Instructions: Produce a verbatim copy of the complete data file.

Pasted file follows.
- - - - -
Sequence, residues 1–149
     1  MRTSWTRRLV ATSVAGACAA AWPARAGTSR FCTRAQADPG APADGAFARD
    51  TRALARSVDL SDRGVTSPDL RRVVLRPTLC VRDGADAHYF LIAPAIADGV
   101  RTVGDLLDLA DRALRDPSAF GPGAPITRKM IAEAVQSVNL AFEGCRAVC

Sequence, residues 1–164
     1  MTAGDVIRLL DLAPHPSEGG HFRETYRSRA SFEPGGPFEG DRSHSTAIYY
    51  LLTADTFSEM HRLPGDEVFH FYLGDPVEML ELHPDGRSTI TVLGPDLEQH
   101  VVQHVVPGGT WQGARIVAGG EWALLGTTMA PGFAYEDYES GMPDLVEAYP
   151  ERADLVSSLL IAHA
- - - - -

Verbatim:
Sequence, residues 1–149
     1  MRTSWTRRLV ATSVAGACAA AWPARAGTSR FCTRAQADPG APADGAFARD
    51  TRALARSVDL SDRGVTSPDL RRVVLRPTLC VRDGADAHYF LIAPAIADGV
   101  RTVGDLLDLA DRALRDPSAF GPGAPITRKM IAEAVQSVNL AFEGCRAVC

Sequence, residues 1–164
     1  MTAGDVIRLL DLAPHPSEGG HFRETYRSRA SFEPGGPFEG DRSHSTAIYY
    51  LLTADTFSEM HRLPGDEVFH FYLGDPVEML ELHPDGRSTI TVLGPDLEQH
   101  VVQHVVPGGT WQGARIVAGG EWALLGTTMA PGFAYEDYES GMPDLVEAYP
   151  ERADLVSSLL IAHA